One Mother’s Transformation

One Mother's Transformation

I am so thrilled to share Monique’s journey with you today. Monique came to the Grand Rapids event a couple of weeks ago and sent me the most engaging description of how she applied what she learned in her family. I’ve waited for permission to post her thoughts here which came while I was away in California. I’ve included her follow up email as well since it extends her ideas even further.

So let me give you a bit of background first:

Monique’s children were homeschooled until this year. She put her daughter into school (a bit) to “teach her a lesson.” Monique, like so many of us, got frustrated with the way her daughter dragged her feet about learning, how she didn’t appreciate her mother’s investment of heart, time and energy, how she seemed to turn what was supposed to be a delightful, family bonding experience into a power struggle between mom and kid.

In the “Nurturing Brave Writers” workshop (UPDATE: Now available digitally and on DVD!), we spend a lot of time talking about how to create the context for peaceful, nurturing relationships as foundational to any education (whether your kids are in “school-in-a-building” or homeschooled).

Here’s how Monique applied these insights:

Thank you so much for a great event.  I truly mean to let it enhance the way I view my children.  I came home and emailed all my inspiration to my aunt, who now lives in Morocco and is one of the most interesting, intelligent people I know.  This was her response:

WOW ! What a message….what a good mother you are !  “If I raise my girls to be interesting people…”  To paraphrase : if I guide my girls to the maximum of exposure, their God-given individuality will surely be ‘interesting’.  As I look back, our mother CONTROLLED our exposure, and….when the world changed (faster than her Betty Crocker cookies could crumble), she became bitter, no longer enjoyed who her daughters were (forgetting HER sordid past!), and kept her world in chains—criticizing anything outside its boundaries.  College ?  Molly may just be an auto-didact artist by then and a diploma may cramp her style—not easy to let them go (‘Let the reign’ of daughters bud and flower in family soil, but where their seeds fly belongs to their generation). Difficult to even calculate the mathematics of change; but the more data (cause) available, the more the consequential effect compounds….and, for sure, the in-put your girls will receive is only for them to digest. You and Pat can sit back and enjoy the show, fixed in the garden of your generation.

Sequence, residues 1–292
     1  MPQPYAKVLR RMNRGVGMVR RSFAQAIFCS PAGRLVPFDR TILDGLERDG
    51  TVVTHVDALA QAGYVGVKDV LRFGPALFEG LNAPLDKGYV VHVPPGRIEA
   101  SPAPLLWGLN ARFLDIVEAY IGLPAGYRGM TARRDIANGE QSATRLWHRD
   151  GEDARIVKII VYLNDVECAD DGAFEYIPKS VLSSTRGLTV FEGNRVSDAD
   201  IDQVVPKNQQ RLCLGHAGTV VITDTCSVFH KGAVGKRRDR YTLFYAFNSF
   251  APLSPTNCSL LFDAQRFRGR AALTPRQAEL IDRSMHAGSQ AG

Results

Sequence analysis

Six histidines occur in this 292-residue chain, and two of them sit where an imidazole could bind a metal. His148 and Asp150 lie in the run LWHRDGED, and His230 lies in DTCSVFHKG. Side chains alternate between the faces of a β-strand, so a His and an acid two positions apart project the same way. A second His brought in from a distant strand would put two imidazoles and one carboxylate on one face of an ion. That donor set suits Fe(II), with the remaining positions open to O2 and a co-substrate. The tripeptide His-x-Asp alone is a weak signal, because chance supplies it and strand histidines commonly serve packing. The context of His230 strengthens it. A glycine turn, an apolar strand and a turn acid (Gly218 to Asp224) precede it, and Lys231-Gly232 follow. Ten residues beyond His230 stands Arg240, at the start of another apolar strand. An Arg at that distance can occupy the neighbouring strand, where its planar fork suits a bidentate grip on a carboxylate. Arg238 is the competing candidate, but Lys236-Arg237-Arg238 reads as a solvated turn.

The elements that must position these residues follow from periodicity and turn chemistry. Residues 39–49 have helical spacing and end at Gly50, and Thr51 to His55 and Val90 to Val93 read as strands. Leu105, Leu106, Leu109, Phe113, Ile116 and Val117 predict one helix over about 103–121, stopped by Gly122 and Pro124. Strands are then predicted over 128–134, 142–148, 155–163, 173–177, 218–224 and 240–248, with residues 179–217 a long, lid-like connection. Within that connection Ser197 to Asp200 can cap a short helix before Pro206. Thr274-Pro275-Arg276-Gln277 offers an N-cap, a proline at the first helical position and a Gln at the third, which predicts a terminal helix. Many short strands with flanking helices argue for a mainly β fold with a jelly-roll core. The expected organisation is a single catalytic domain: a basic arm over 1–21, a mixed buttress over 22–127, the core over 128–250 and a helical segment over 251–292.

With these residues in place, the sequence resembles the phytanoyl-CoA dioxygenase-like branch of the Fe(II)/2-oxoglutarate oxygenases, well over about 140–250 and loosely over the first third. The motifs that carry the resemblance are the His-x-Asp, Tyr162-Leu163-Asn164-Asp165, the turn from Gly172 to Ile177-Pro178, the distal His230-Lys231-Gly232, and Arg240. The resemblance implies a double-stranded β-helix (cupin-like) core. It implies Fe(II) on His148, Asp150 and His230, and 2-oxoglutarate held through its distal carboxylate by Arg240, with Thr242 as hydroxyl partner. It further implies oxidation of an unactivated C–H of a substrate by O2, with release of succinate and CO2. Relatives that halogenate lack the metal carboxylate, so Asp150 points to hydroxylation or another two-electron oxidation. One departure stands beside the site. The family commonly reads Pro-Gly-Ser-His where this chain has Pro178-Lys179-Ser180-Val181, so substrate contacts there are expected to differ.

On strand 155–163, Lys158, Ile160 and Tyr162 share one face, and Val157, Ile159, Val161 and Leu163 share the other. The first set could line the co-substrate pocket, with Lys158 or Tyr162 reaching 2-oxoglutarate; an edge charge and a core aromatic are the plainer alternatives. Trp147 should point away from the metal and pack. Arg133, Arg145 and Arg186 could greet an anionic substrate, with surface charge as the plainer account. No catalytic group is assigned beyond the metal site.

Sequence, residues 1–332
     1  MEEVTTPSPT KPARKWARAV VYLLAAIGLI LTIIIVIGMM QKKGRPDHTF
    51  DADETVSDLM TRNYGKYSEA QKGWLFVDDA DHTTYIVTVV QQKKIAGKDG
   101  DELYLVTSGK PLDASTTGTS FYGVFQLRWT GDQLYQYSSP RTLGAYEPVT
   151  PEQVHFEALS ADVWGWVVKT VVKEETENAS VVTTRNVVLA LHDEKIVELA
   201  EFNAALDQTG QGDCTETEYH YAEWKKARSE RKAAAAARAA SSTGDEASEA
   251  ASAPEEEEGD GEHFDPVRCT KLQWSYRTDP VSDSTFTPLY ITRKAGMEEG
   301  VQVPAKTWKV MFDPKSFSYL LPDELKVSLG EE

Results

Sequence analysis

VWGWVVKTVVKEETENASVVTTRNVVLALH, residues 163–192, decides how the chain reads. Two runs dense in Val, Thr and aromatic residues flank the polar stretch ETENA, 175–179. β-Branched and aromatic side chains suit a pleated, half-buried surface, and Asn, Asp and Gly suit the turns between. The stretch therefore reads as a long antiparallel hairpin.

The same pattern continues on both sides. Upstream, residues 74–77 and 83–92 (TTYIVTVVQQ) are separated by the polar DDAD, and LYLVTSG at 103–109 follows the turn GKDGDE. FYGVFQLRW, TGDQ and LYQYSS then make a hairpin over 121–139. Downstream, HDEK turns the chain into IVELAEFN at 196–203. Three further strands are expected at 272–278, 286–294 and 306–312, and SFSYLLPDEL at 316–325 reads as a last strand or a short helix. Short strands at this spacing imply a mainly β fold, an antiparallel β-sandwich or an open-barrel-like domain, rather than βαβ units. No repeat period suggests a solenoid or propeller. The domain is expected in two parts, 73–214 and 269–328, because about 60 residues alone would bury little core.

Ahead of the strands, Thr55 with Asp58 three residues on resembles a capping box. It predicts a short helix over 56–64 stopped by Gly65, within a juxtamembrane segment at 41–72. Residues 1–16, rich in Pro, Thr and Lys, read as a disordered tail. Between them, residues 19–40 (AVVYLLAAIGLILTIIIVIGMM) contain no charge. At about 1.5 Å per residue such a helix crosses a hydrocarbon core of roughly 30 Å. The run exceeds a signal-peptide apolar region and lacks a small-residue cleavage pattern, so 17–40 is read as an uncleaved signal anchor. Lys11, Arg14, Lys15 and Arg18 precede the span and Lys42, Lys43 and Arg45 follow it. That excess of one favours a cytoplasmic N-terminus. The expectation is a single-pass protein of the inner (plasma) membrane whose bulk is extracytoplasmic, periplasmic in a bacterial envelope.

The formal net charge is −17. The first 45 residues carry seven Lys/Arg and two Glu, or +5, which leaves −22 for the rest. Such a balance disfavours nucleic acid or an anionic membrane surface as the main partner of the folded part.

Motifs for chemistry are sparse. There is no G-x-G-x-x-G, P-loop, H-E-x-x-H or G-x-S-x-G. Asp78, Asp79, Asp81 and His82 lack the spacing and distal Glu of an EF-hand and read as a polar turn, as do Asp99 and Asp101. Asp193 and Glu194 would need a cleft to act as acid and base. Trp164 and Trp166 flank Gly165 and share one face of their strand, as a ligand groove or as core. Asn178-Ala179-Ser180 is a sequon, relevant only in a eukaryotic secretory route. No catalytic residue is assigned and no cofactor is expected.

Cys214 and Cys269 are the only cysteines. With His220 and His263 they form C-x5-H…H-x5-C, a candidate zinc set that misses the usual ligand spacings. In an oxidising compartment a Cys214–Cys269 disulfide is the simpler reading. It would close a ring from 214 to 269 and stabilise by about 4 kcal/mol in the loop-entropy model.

When I came home Sunday, I had to do homework with Molly.  She had a book report due.  Instead of plopping her in front of her worksheets to fill it in, I decided to make it a collaborative, learning experience, as well as honoring my child’s amazing love of projects.  So we turned her boring book report into a splendid lapbook.  We spent 11 hours on it, only breaking for dinner for an hour.

My sweet girl just LOVED making a lap book.  She kept sighing and looking at me and saying, “Mommy, I just love you.”  She did so much copywork in one day that she now has every possible form of punctuation mastered.  We pored over quotes in the book that would encapsulate each character.  We discussed every aspect of the book imaginable.  Instead of doing a character sketch on just the main character, as her teacher asked, we did a character sketch on every single character.  Her choice.

When she summarized the book, I tried to mimic how you said your mother would compliment and then say, “How about . . .?”  I taught her about good openers instead of saying, “The first part of the book was about…”  We had to come up with the heart of the book as well.  We couldn’t figure it out.  So we sat on it for an hour then came back and it struck us.  She kept asking me if all this help would be considered cheating.  I told her all I care about is if she’s learning.  If she got an F on it for cheating, oh, well!  I knew her teacher would be thrilled, though.

When we turned it in, her teacher was astonished.  She ooohed and ahhhed and praised up my Molly.  She made a point to pass it around the class so everyone could see.  She told the class that she would never assign this, but if they want to take a homework assignment and make it into a lap book, by all means, please do.  My shy daughter was bursting with pride.

And I felt great all over that I honored who she is and basked in it for 11 hours.  What a gift to give my daughters, just to honor them.

Oh, and before I launched into this all day marathon project, I played Webkinz with my middle daughter.  I never told her YUCK once.  I kept telling myself I’m the adult here.  I’m the bigger person.  I’ve navigated a marriage, for crying out loud; I can play Webkinz with my daughter for a half an hour!

Thank you again for a great weekend.  I love opening my thoughts to positive, new ideas.


Monique’s follow up:

I’m really focusing on honoring just who each of my girls are.  It’s hard to not put them into what I think they ought to be.  Yet it’s freeing to honor their own individuality.